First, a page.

Nene, tired of giving a mummified look because of the pain in his feet from plantar fasciitis, decided to sit out the last two games for the Wizards. He made it through 61 games in his 11th professional season, no small physical or mental feat.
"How tough? Tough enough to think about the end of my career? Yeah, that's how tough it was," he said. "It was so hard to play the way I did it. I thought to end my career because it's so painful, my body can't support. I'm glad I finished the season, but the way I suffer, I hope, never again."
Unfortunately we've seen so many players this season fall to plantar fasciitis and have severe pain because they are not resting as long as they should be. When you have a schedule like these basketball players do and suffer from plantar fasciitis, it is necessary to rest more than two or three games. The constant pounding up and down the court just aggravates the condition.
Nene is owed $39 million over the next three years and said conversations with his wife Lauren and business manager Alex Santos convinced him to keep going. The 6-foot-11 Brazilian is motivated by his son Mateos and his faith in God, but acknowledges that he needs to rest this spring and summer in order to be healthy for next season.
"To play through pain, that's not necessary. For what? I'm going to sit down. Let the young guys play. They need the work," Nene said.
Coach Randy Whitman was surprised to hear that Nene was going to sit out the final two games. "News to me," he said. But he too feels that Nene needs to rest and get healthy. "It's a big summer for him to work on his body and then when the summer rolls around here, we're hitting the floor running right from the start and we didn't have that luxury with John (Wall) or him this year," Whitman said. "We have to have our main guys healthy and playing as many games as you can to get to that level of playoffs."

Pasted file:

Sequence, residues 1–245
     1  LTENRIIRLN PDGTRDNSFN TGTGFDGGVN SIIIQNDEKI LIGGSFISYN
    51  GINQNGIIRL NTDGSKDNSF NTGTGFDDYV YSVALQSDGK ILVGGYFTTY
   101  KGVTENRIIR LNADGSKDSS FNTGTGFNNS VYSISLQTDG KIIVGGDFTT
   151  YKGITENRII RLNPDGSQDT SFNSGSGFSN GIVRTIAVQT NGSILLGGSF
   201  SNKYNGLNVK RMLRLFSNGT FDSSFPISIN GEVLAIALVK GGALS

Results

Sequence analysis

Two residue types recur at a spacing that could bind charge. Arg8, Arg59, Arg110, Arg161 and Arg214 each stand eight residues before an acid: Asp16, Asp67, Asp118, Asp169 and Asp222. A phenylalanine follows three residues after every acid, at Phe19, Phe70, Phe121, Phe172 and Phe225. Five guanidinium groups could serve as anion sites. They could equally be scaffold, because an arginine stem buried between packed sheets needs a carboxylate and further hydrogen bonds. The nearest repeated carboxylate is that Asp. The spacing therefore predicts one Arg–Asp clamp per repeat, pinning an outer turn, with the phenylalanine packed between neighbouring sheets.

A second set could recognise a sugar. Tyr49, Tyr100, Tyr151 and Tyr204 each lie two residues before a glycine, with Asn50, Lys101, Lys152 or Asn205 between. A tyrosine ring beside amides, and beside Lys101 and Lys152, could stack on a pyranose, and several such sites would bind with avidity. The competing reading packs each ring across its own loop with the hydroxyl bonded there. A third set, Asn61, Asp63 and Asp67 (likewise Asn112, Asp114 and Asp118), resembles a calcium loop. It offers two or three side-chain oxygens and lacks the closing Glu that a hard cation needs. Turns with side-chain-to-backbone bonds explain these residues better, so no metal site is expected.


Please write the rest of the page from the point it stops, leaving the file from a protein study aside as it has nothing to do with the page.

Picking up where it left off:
Nene was acquired from Denver in March 2012 in a three-team deal and has missed 44 of 117 possible games, largely because he has not been able to properly rest his left foot. This season he has shot just 48 percent from the field, his lowest in any season he has played more than 35 games. He averaged just 12.6 points per game and committed more than two turnovers per game for the second season in a row.
Reference: Washington Post
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